New California Law Affects State Taxation of Employer Tax Gross-Ups for Domestic Partners

By , and on November 7, 2013

The California state legislature recently enacted a law that may affect the taxation of benefits an employer provides to same-sex domestic partners in the state. California AB 362 excludes from gross income for California state income tax purposes the amount of any tax gross-ups paid by an employer to an employee for benefits for that employee’s same-sex spouse or domestic partner. The law was approved by California’s governor on October 1, 2013, and is effective immediately through January 1, 2019.

Earlier this year the Supreme Court of the United States ruled in U.S. v. Windsor that Section 3 of the Defense of Marriage Act (DOMA) is unconstitutional (see “Supreme Court Rules on DOMA and California’s Proposition 8” for more). Section 3 of DOMA had provided that, for purposes of all federal laws, the word “marriage” means “only a legal union between one man and one woman as husband and wife,” and the word “spouse” refers “only to a person of the opposite-sex who is a husband or wife.” Subsequent Internal Revenue Service (IRS) and U.S. Department of Labor guidance clarified that, as a result of Windsor, favorable federal tax treatment of spousal benefit coverage would extend to all same-sex couples legally married in any jurisdiction with laws authorizing same-sex marriage, regardless of whether the couple currently resides in a state where same-sex marriage is recognized (see “IRS and DOL Guidance Clarifies Employee Benefits Impact of Supreme Court’s DOMA Ruling” for more information).

As a result of Windsor and the subsequent IRS guidance, the impact of California AB 362 appears fairly limited. Pre-Windsor, some employers provided a federal tax gross-up on the imputed value of coverage provided to an employee’s same-sex spouse or domestic partner. Post-Windsor, same-sex married couples in California no longer need a tax gross-up for either state or federal tax purposes because they no longer have to be taxed on the value of the coverage provided to their spouse. Because of this treatment, application of California AB 362 would be limited to a situation where an employer provides a federal tax gross-up to an employee who is in a California-registered domestic partnership. Such a gross-up, which would have been taxable under prior state law, is now no longer taxable in California. Employers in California will need to update their payroll and tax procedures accordingly. Employers both inside and outside of California that previously provided tax gross-ups may find it desirable to revisit their gross-up policies in light of the Windsor decision and the IRS guidance.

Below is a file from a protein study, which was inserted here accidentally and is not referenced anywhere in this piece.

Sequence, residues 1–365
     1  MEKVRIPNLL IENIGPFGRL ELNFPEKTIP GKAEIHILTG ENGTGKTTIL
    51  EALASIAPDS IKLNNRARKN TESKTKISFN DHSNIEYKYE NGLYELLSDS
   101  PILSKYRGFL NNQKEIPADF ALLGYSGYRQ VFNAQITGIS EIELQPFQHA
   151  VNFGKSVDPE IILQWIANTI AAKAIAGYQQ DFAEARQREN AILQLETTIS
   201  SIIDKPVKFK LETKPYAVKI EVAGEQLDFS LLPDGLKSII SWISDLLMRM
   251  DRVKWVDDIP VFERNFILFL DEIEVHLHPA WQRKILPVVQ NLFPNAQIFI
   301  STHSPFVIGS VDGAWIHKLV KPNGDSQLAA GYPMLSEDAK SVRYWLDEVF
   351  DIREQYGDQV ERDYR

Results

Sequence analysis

Brian Tiemann
Brian J. Tiemann counsels public and private companies on a broad range of employee benefit matters, including matters related to pension plans, 401(k) plans and executive and incentive compensation. He advises plan fiduciaries with respect to their fiduciary duties, investment policies and alternative investments. He also advises multinational clients on global employee benefits matters, particularly with respect to global incentive compensation plans. Brian has extensive experience negotiating investment management agreements and service provider agreements. Read Brian Tiemann's full bio.

Jacob Mattinson
Jacob M. Mattinson focuses his practice on employee benefits and matters related to 401(k), 403(b), pension, executive compensation, health care reform, and cafeteria and welfare plans. Jacob assists clients in drafting employee benefit plan documents and amendments. He represents clients in matters before the Internal Revenue Service (IRS), US Department of Labor (DOL) and Pension Benefit Guaranty Corporation with respect to plain qualification issues. Read Jacob Mattinson's full bio.

Todd Solomon
Todd A. Solomon focuses his practice on designing, amending and administering pension, profit sharing, 401(k), employee stock ownership and 403(b) plans, as well as nonqualified deferred compensation arrangements. He also counsels privately and publicly held corporations and tax-exempt entities regarding fiduciary issues under the Employee Retirement Income Security Act (ERISA), employee benefits issues involved in corporate transactions, executive compensation matters and the implementation of benefit programs for domestic partners of employees.Read Todd A. Solomon's full bio.




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